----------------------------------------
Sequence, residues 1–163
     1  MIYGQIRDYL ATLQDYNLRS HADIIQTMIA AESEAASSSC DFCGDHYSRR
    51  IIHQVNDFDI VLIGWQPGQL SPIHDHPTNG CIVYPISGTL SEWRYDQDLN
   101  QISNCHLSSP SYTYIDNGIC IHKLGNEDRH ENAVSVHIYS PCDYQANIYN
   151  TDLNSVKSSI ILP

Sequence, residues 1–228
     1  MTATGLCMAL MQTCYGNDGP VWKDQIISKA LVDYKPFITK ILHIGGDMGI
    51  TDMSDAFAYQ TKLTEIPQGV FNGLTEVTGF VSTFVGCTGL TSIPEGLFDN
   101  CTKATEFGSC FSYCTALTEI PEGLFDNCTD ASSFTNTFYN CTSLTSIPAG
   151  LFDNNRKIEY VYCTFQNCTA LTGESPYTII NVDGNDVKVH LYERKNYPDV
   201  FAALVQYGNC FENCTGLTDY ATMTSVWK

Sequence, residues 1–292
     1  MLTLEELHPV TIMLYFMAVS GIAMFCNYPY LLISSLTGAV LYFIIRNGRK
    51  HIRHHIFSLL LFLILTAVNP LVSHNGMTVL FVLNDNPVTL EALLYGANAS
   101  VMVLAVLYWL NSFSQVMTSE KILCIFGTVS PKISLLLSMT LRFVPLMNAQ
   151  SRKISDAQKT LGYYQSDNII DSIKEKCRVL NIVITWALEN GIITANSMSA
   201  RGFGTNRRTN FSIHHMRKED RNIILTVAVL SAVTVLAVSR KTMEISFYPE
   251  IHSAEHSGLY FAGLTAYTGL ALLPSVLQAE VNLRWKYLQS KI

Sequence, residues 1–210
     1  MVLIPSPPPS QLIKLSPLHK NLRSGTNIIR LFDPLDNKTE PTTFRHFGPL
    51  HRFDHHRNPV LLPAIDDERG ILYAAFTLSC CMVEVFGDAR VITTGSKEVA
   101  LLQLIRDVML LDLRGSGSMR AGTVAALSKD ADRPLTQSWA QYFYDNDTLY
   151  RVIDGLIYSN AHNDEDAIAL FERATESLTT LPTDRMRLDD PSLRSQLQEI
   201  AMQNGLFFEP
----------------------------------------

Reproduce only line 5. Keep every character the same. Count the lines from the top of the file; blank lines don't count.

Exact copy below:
   151  TDLNSVKSSI ILP